Railroading is a term used in cross stitch a lot. For some it means the hell of trying to do the technique, for others, it means the height of perfect stitches. However, whenever I’ve asked about the name, everyone gave me the same answer. Until I finally researched it myself and found out they were only half correct.
What is railroading?
Before we go any further though, let’s establish what railroading actually is. Simply put, its the act of laying the threads flat against your work in a fashion that allows each thread to be viewed separately. OK, that’s not that simple, but that’s the correct definition of railroading.
As the threads are placed down, you specifically have to split the two threads apart so they lay flat against the aida like the example above. The example is done with two strands, but you can do it with one to a million if you wanted, it’s about making them lay correctly.
When and how should you use it?
Railroading can be done in a few different ways, however, you can also use it slightly differently too. The point of railroading is good coverage and a neat finish, however, you hardly even see the bottom stitch. That’s why unless you’re making something for a competition I would suggest using normal stitch on the bottom, with railroading on the topstitch.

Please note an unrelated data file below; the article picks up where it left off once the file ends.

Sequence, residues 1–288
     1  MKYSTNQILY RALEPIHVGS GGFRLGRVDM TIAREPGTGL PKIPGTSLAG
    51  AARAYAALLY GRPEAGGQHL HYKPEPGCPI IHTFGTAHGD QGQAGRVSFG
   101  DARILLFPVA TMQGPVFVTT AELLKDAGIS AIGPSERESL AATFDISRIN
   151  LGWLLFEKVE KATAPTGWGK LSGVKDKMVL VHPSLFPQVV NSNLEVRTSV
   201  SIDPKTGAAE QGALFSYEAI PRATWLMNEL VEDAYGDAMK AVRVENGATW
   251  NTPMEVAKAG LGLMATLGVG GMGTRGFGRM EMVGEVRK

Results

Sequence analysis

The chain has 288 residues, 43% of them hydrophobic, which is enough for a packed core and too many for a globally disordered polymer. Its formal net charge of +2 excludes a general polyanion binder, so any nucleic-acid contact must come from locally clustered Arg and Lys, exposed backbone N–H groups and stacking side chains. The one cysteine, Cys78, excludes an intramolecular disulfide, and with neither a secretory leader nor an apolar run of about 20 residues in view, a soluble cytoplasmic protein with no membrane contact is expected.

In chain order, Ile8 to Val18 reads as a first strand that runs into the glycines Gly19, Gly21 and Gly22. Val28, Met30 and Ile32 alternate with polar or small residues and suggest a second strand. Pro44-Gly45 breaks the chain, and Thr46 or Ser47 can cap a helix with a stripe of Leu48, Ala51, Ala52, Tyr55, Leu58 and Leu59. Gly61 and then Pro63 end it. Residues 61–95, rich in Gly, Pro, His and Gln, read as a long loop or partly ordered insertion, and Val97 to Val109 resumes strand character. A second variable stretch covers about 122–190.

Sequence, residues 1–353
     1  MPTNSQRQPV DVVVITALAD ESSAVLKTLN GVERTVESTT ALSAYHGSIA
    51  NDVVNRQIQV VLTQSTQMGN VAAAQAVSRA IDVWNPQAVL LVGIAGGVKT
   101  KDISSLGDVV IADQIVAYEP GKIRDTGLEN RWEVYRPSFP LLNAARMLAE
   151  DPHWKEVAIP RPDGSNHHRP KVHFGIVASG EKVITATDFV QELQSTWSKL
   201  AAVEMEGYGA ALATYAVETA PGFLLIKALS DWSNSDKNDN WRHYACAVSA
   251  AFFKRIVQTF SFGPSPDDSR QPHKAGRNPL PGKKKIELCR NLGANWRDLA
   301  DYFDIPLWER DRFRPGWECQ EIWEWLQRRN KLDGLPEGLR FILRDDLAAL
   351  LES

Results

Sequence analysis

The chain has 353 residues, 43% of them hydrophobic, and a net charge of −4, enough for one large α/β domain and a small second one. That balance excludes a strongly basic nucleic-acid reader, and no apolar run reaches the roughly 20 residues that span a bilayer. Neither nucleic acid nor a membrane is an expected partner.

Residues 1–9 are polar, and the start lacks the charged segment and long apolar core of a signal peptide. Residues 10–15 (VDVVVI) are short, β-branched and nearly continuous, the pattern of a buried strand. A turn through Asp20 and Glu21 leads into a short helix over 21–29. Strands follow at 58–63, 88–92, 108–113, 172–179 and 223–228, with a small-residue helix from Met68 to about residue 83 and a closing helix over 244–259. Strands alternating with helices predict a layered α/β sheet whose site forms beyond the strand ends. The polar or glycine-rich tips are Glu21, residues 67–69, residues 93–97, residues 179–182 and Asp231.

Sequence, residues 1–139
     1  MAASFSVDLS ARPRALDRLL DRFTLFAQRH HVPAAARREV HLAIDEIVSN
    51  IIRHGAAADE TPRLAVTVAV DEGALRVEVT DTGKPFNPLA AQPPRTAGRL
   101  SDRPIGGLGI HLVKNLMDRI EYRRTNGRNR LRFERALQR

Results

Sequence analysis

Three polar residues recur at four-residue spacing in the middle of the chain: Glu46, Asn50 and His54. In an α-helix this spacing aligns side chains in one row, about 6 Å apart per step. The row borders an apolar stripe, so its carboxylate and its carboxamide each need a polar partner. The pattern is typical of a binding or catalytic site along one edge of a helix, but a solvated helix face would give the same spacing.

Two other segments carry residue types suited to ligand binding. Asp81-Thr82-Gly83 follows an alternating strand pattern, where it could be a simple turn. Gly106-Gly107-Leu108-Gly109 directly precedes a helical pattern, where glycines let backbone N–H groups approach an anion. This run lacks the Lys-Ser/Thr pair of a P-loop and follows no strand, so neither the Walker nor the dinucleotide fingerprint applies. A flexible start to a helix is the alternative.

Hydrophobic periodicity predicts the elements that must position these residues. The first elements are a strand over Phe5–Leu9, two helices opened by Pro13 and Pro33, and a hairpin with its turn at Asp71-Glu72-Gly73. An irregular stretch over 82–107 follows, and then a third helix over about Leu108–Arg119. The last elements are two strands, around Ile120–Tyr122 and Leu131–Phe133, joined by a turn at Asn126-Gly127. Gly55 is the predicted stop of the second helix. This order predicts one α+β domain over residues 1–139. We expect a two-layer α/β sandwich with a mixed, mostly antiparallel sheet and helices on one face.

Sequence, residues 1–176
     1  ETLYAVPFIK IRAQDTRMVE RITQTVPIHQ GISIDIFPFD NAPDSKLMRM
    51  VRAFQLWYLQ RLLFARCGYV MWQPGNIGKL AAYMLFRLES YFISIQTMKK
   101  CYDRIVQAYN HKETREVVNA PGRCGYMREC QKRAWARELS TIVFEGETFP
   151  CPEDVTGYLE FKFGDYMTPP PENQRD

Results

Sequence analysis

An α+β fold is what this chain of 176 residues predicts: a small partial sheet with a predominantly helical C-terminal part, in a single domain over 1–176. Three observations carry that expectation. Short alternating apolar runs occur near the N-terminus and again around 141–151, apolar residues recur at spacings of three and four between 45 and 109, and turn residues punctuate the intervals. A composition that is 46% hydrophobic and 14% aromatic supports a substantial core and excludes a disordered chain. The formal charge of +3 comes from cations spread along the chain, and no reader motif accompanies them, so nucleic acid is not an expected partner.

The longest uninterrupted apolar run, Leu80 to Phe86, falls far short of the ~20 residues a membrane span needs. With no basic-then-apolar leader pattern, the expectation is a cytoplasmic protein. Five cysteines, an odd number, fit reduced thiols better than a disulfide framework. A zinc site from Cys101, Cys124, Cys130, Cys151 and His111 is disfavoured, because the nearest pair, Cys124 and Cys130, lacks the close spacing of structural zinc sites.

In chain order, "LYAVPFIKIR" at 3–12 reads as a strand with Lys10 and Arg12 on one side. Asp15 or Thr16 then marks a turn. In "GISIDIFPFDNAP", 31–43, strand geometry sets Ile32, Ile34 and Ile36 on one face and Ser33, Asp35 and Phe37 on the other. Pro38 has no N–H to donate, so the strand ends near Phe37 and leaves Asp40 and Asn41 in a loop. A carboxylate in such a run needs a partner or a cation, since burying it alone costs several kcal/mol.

A quick guide on how to do it
To railroad, you can either use a specific tool (laying tool) or simply change the way you stitch. I prefer altering the way I stitch slightly. When pulling the stitch taught, once you’ve ‘stabbed’ it in, push the needle into the exposed thread and run it up the length of the stitch. This should separate your threads. When using the same hole for the next stitch make sure you keep the threads separated. Its that simple 😀
Why is it called RAILROADING anyway?
And finally, we get to the meat of the problem, what’s up with the name?
Well, there are a lot of rumors where the name came from, and how similar it looks to standard railroads, however its a very specific part of the railroad that gives it the confusing name.
In American in particular railroad crossings have a unique design to them making it look like each rail is actually two rails next to each other (you can see this in the image below). The stitch was created to resemble this style and for a long time was used as a speciality stitch to draw your eye, before it finally became a way of stitching.